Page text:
However, when you’re building a complete application with front-end and back-end or various microservices, and those components connect through APIs, you have a dependency problem. Your API design exists so the consuming team can start writing integration code, but they cannot test against the API yet because it hasn’t been built. That’s where mocking comes in. A mock server is a server that mimics the endpoints and behavior of the original API, so you can write consumer code and run tests against the API. Instead of backend code, all you need is your OpenAPI document to get started. The consuming team can work with the API, provide feedback, and your product can go through multiple quick iterations. In each cycle, you continuously refine the API definition again, even before the backend implementation starts. Once the specification seems stable, you can parallelize development and have two developers or development teams work on the front and back end simultaneously.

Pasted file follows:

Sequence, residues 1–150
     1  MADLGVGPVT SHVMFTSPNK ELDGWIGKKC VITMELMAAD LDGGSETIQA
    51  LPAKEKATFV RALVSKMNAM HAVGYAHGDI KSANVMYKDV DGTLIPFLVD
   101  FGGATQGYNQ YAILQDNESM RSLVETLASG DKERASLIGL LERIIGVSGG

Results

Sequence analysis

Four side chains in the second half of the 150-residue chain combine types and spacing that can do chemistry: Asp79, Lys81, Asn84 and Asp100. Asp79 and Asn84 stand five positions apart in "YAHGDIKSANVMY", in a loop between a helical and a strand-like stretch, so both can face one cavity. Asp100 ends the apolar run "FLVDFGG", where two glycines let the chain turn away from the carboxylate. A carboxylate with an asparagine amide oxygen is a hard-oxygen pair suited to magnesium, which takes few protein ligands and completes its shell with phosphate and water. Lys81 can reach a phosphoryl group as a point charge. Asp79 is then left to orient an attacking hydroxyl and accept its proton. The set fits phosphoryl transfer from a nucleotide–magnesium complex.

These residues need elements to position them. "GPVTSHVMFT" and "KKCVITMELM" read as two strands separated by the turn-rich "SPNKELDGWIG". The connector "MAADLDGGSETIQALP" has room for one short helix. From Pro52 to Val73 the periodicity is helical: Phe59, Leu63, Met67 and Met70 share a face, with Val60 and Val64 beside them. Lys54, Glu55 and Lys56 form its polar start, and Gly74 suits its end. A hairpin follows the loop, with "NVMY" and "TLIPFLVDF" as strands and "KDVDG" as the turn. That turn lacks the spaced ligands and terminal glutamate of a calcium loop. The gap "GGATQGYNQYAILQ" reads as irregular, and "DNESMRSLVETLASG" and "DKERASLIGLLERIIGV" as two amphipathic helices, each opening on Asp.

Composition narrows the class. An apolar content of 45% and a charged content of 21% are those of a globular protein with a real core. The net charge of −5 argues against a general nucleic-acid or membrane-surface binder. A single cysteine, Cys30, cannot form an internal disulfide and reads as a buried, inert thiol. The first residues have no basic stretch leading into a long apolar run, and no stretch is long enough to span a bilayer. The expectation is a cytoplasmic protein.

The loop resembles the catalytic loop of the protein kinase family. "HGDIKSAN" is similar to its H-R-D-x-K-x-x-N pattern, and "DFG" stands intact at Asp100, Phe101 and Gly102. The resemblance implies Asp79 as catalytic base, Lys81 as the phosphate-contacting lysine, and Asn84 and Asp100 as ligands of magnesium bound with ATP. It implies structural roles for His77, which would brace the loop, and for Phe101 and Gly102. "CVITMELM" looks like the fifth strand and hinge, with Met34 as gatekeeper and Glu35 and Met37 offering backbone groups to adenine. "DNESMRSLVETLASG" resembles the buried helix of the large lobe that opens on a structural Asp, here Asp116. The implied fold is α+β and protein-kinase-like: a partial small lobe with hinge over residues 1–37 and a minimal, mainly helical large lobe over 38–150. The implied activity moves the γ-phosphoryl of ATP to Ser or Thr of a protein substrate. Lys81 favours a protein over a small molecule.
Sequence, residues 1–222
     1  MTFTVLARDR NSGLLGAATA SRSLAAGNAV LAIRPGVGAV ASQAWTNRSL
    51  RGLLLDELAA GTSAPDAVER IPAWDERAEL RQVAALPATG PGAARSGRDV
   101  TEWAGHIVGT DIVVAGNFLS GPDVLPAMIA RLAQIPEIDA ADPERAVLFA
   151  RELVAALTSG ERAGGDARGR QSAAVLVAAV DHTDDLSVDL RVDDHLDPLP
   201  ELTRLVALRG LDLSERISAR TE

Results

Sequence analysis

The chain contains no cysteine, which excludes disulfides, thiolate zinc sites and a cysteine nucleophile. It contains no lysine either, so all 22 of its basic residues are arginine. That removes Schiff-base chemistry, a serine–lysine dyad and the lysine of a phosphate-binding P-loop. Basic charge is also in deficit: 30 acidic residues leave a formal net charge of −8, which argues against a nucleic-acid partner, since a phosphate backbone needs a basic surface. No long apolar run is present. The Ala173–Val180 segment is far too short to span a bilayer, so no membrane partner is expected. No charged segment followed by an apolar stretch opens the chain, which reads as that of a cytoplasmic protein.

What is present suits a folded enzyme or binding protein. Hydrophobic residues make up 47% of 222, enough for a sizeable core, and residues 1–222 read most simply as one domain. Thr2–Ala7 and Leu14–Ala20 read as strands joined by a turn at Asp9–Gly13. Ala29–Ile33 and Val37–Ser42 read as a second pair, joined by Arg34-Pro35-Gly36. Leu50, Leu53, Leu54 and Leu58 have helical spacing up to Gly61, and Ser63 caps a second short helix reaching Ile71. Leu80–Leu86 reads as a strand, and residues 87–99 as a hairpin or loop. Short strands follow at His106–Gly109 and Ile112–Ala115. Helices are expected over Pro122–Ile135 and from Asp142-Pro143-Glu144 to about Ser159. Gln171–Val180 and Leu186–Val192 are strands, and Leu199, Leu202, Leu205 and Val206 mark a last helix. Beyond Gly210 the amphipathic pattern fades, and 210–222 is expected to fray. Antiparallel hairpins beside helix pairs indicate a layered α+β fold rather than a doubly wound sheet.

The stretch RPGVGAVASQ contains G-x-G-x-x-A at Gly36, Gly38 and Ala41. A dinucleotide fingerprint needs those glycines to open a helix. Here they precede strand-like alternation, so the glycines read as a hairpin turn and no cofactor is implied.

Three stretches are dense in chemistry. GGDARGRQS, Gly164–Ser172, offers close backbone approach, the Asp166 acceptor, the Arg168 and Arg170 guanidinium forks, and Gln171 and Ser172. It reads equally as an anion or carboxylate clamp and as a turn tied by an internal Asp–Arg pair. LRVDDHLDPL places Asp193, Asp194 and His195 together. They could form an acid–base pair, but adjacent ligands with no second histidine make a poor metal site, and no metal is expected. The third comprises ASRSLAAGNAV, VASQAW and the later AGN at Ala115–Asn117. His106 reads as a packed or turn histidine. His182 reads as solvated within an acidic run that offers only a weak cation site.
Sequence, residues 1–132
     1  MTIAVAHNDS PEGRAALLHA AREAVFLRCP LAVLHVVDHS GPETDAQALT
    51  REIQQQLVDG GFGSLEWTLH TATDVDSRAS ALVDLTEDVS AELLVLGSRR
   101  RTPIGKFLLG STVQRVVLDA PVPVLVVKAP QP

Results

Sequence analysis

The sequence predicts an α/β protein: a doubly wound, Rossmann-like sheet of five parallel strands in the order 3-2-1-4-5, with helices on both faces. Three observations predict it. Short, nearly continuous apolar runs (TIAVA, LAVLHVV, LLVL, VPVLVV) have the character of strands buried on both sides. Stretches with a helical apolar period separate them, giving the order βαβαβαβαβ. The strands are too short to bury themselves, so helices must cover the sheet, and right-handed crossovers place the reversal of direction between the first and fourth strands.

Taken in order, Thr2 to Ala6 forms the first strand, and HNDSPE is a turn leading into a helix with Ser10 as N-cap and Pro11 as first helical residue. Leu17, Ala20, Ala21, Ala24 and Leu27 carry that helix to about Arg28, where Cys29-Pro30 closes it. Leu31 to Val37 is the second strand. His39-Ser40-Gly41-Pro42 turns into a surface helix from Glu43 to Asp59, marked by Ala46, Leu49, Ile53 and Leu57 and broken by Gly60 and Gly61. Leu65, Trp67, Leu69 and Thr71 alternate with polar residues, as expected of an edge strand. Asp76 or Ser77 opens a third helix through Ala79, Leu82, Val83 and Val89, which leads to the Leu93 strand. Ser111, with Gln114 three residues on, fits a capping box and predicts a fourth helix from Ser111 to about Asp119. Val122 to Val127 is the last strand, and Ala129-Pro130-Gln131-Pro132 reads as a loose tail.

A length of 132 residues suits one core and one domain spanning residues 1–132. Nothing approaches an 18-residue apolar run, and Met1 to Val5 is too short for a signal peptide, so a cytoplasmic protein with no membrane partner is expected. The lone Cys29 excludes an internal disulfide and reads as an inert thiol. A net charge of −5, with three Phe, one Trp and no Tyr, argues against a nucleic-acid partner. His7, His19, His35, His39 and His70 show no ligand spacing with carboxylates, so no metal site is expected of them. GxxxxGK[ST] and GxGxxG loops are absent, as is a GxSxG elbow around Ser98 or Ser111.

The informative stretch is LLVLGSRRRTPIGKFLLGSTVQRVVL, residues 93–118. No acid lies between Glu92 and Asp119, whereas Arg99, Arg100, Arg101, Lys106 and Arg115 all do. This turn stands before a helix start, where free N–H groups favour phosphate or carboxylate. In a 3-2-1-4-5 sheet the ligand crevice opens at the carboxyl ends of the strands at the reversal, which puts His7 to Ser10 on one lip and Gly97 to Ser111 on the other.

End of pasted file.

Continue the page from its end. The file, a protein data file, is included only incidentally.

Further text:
With Prism, you can launch such a mock server with an API definition in a single command. In your command prompt, type the following and replace `openapi.yaml` with the actual filename of your OpenAPI document:

prism mock openapi.yaml

If you need your mock server to listen on a specific port, add the `-p` option to the command:

prism mock -p 8080 openapi.yaml

Assuming you have provided a valid OpenAPI document, Prism will print a list of all the operations found in the paths element. The mock server is now listening to requests for these endpoints. You can interact with the server by opening an additional command-line tab or window and running the `curl` command with one of the URLs from the list. While you’re hitting the mock server, Prism’s command-line output shows detailed log information about the requests it received and whether they were valid or not.